UPI Almanac for Sunday, Oct. 24, 2021

On Oct. 24, 2005, civil rights icon Rosa Parks died at age 92. Parks gave new impetus to the rights movement in 1955 when she refused to give up her seat to a white man on a Montgomery, Ala., bus.

By United Press International
UPI Almanac for Sunday, Oct. 24, 2021
Rosa Parks sits up front of a Montgomery, Ala., bus, posed with UPI reporter Nicholas Chriss on December 21,1956, one year after she refused to give up her seat to a white man and was arrested. Parks died October 24, 2005. UPI File Photo

Today is Sunday, Oct. 24, the 297th day of 2021 with 68 to follow.

The moon is waning. Morning stars are Jupiter, Mercury, Neptune, Saturn and Uranus. Evening stars are Jupiter, Neptune, Saturn, Uranus and Venus.


Those born on this date are under the sign of Scorpio. They include journalist Sarah Josepha Hale, author of "Mary Had a Little Lamb," in 1788; attorney Belva Lockwood, the first woman candidate for U.S. president, in 1830; cartoonist Bob Kane, creator of Batman, in 1915; football Hall of Fame member Y.A. Tittle in 1926; entertainer J.P. "The Big Bopper" Richardson in 1930; former Rolling Stone Bill Wyman in 1936 (age 85); actor David Nelson in 1936; actor F. Murray Abraham in 1939 (age 82); actor Kevin Kline in 1947 (age 74); former NAACP President Kweisi Mfume in 1948 (age 73); singer Monica Arnold in 1980 (age 41); model Tila Tequila, born Thien Thanh Thi Nguyen, in 1981 (age 40); pop singer Adrienne Bailon in 1983 (age 38); singer Drake Graham in 1986 (age 35); actor Oliver Jackson Cohen in 1986 (age 35); American Olympic gold medal-winning ice dancer Charlie White in 1987 (age 34); actor David Castañeda in 1989 (age 32).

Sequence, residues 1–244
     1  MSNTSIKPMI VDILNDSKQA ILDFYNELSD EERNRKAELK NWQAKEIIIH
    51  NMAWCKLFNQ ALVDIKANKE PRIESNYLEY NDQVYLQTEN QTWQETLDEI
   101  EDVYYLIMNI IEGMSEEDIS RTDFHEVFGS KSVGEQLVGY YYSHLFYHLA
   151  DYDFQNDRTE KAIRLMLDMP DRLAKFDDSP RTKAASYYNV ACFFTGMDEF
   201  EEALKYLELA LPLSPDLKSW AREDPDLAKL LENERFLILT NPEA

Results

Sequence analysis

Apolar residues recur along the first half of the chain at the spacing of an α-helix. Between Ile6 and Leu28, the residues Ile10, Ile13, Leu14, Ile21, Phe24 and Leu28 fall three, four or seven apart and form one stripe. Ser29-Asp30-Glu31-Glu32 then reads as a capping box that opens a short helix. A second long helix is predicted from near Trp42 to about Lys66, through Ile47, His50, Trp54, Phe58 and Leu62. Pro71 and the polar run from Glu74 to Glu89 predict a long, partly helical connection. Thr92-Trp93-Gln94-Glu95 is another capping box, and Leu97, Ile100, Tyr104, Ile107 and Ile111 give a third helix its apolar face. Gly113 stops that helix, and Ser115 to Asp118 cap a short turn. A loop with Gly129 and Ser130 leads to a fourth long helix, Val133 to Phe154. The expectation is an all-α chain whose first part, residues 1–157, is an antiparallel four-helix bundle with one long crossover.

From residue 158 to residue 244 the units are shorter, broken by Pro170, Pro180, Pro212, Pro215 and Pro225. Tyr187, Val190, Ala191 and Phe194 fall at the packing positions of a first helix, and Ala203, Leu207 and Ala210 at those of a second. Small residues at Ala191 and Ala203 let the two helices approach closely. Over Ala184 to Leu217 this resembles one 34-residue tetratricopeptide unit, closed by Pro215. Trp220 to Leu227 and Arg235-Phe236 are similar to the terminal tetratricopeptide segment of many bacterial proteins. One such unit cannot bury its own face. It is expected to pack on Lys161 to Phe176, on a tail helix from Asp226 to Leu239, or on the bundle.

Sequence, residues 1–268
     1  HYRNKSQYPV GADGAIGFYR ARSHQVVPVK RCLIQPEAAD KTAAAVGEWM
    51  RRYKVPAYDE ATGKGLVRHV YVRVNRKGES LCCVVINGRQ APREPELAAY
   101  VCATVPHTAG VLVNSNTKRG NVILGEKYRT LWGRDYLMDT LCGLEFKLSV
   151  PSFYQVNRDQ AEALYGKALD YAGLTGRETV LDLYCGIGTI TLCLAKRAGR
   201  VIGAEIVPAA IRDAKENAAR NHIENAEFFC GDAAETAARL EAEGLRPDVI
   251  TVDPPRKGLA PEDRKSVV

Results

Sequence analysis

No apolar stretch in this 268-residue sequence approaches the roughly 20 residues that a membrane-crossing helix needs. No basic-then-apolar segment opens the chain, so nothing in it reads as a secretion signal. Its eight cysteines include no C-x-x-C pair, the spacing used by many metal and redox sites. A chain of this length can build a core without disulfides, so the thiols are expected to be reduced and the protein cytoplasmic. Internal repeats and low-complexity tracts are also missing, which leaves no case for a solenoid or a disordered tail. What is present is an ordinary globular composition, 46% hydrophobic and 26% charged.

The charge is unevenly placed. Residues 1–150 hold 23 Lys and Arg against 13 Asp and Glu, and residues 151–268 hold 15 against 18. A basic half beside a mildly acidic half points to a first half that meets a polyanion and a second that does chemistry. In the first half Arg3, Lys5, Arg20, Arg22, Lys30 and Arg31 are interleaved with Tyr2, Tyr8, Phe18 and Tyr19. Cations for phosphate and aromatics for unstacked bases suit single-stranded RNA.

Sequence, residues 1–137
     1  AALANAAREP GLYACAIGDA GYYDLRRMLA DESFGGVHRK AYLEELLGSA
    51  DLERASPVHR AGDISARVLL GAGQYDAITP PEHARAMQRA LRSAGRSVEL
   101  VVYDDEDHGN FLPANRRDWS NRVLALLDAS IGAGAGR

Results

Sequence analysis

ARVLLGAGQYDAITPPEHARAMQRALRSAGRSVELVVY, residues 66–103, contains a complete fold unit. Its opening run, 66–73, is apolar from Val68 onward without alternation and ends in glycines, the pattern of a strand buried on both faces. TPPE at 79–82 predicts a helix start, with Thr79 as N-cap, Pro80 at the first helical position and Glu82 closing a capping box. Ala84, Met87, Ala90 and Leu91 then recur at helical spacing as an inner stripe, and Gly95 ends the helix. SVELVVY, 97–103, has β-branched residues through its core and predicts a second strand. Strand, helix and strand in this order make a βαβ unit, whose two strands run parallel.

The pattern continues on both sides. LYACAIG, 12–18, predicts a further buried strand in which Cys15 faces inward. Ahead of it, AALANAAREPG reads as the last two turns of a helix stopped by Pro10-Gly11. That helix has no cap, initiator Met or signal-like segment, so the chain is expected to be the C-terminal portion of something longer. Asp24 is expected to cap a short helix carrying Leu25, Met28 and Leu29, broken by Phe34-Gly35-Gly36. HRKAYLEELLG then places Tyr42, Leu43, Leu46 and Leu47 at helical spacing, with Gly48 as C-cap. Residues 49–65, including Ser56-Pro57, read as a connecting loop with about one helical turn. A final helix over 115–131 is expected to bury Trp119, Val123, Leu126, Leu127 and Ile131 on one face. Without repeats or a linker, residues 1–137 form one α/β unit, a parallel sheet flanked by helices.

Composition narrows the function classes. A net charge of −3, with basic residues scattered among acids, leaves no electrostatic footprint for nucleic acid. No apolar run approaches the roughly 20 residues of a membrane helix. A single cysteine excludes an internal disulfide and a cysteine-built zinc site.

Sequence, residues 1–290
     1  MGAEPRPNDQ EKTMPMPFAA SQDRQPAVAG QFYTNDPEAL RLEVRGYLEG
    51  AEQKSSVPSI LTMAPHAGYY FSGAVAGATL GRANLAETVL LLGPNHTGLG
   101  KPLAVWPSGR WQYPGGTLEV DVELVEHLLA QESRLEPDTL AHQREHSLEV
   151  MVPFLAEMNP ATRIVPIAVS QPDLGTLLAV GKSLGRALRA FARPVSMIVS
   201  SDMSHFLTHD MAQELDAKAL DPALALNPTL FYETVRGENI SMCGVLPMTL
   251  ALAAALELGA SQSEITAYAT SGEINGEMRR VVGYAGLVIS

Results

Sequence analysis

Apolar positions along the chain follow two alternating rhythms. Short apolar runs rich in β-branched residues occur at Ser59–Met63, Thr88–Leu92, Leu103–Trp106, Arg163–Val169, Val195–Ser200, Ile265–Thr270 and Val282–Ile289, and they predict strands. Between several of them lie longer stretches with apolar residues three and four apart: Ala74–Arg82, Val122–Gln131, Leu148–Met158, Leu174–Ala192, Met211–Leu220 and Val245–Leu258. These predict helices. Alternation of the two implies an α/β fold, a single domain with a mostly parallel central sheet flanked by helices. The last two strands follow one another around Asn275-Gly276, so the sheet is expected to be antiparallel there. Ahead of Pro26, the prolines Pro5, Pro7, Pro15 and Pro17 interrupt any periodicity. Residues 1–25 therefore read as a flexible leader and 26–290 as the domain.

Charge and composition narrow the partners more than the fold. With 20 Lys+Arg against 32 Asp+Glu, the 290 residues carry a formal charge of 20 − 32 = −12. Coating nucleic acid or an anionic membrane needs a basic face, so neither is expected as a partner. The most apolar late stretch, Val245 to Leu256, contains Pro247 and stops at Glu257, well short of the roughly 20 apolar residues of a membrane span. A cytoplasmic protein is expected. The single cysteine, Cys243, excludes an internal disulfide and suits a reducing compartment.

On this date in history:

RELATED UPI Archives: Rosa Parks artifacts offer glimpse into Civil Rights struggle

In 1648, the Treaty of Westphalia ended the Thirty Years' War in Europe.

In 1861, the first telegram was transmitted across the United States from California Chief Justice Stephen Field to U.S. President Abraham Lincoln in Washington.

In 1901, daredevil Annie Edson Taylor became the first person to go over Niagara Falls in a barrel.

RELATED UPI Archives: Rosa Lee Parks assaulted in her home

In 1929, $5 billion in market values were swept away in the greatest selling wave in the history of the New York Stock Exchange. The Wall Street Crash of 1929 would mark the beginning of a 10-year Depression which would affect the entire Western world.

In 1931, New York City's George Washington Bridge opened to public traffic.

In 1962, the blockade of Cuba was in effect, with a ring of U.S. warships and planes under orders to block by whatever means, further aggressive arm deliveries to Fidel Castro.

In 1992, the Toronto Blue Jays become the first Major League Baseball team based outside the United States to win the World Series.

In 2002, police arrested two suspects in a three-week series of Washington-area sniper attacks that killed 10 people and wounded three others. John Allen Muhammad, 41, and John Lee Malvo, 17, were found sleeping in a car at a rest stop near Frederick, Md. Both were convicted. Muhammad was executed and Malvo sentenced to life in prison.


In 2003, an era in aviation history ended when the supersonic Concorde took off from New York to London on its final flight.

In 2005, civil rights icon Rosa Parks died at age 92. Parks gave new impetus to the rights movement in 1955 when she refused to give up her seat to a white man on a Montgomery, Ala., bus.

In 2009, U.S. President Barack Obama declared a national emergency related to the outbreak of the H1N1 flu virus, also known as swine flu, to aid local authorities in dealing with the pandemic. Medical officials put the American death toll at 530 with thousands hospitalized.

In 2012, a 41-mile final stretch of Texas Highway 130, a toll road from Mustang Ridge, south of Austin, to Seguin, opened with the highest speed limit in the United States -- 85 mph.

In 2012, Hurricane Sandy made landfall for the first time, in Jamaica, killing two people there. The storm would go on to cause tens of billions of dollars in the northeast United States and kill more than 200 people along its path.

In 2018, one person in South Carolina won the biggest lottery jackpot in U.S. history -- $1.6 billion -- after three months of no Mega Millions winners.


In 2019, the body of Spanish dictator Francisco Franco was exhumed from the Valley of the Fallen in San Lorenzo de El Escorial to be moved to Mingorrubio-El Pardo.

A thought for the day: "There is always room at the top." -- American statesman Daniel Webster

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